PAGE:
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Not Without Consent

NWC is a healthy relationship and bystander intervention program for incoming students at Wittenberg.

An innovative approach to delivering important messages to incoming Wittenberg University students has recently caught the eye of the Ohio Attorney General’s Office.

For the past three years, Wittenberg has implemented a mandatory education and prevention program for all incoming students titled “Not Without Consent” (NWC) that takes place before the beginning of the fall semester as part of Wittenberg’s New Student Days. Additional training is offered at the beginning of the spring semester for new and transfer students.

NWC is a healthy relationship and bystander intervention program for incoming students at Wittenberg. The program will be awarded the 2 Days in May Promising Practice Award from Ohio Attorney General Mike DeWine’s Office in late May. This is the first time Wittenberg submitted an application for the award.

NWC was developed through a partnership with Wittenberg and Project Woman in Springfield, a local domestic violence and sexual assault advocacy organization. Developers are Brooke Wagner, assistant professor in the department of sociology and director of criminology and criminal justice, Laura Baxter, director of Project Woman, and Carol Nickoson, director of fraternity/sorority life and New Student Days at Wittenberg.This collaborative program  introduces new students to campus expectations regarding healthy relationships and bystander intervention.

“Three years ago, we developed a new program focusing on the dynamics of healthy relationships – a program that uses evidenced-based practices to ensure a more engaging atmosphere for students. It is presented in smaller groups during New Student Days in the fall instead of talking to a large group of 500 or more,” said Wagner, who is also the director of Wittenberg’s Womyn’s Center. “It really is a strong program that has influenced the campus community and relies on students, faculty, staff, and the administration to be successful. Additionally, initial program assessments indicate that NWC is successful at promoting bystander intervention and informing students about Wittenberg’s policies and procedures. Data shows that it is working.”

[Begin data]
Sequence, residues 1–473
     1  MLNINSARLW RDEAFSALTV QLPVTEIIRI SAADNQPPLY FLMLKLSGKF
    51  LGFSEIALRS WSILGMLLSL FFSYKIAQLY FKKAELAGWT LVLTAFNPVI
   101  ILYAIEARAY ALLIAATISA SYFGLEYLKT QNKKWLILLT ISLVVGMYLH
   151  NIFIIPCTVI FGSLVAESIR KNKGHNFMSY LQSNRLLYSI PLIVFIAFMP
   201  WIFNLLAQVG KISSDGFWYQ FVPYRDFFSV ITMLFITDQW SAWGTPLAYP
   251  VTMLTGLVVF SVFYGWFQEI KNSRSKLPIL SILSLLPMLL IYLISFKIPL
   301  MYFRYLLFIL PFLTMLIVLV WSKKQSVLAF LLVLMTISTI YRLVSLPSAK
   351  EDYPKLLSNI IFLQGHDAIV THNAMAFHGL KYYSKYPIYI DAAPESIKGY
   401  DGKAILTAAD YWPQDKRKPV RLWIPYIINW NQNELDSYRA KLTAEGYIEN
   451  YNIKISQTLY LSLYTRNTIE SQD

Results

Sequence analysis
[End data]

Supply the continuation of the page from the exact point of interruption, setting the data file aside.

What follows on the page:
A group from the Attorney General’s Office will be on campus from 10 a.m. to 2 p.m. Tuesday, May 3, to create content for a video of two of Wittenberg’s First Year Seminar classes. The video will then be distributed to other colleges. The classes will be taught by Wagner and Michael Anes, associate professor of psychology.

NWC is a one-hour-and-45-minute interactive program co-taught by one faculty/staff/coach member and one upper-level student to a single-gender class of no more than 20 students. The facilitators use a PowerPoint and a series of interactive activities to maintain audience attention during the presentation. These activities include a consent exercise where students have to practice saying ‘no’ to increasing amounts of pressure, a pop quiz discussing the material covered at the midpoint, and bystander intervention role-playing.

“I like the program because it is something that allows me to make a positive impact on our campus,” said Max Jump, a student facilitator who will graduate in 2017. Jump is a biology major from Chattanooga, Tenn. “We are able to teach new students about something that they have more than likely never been taught before.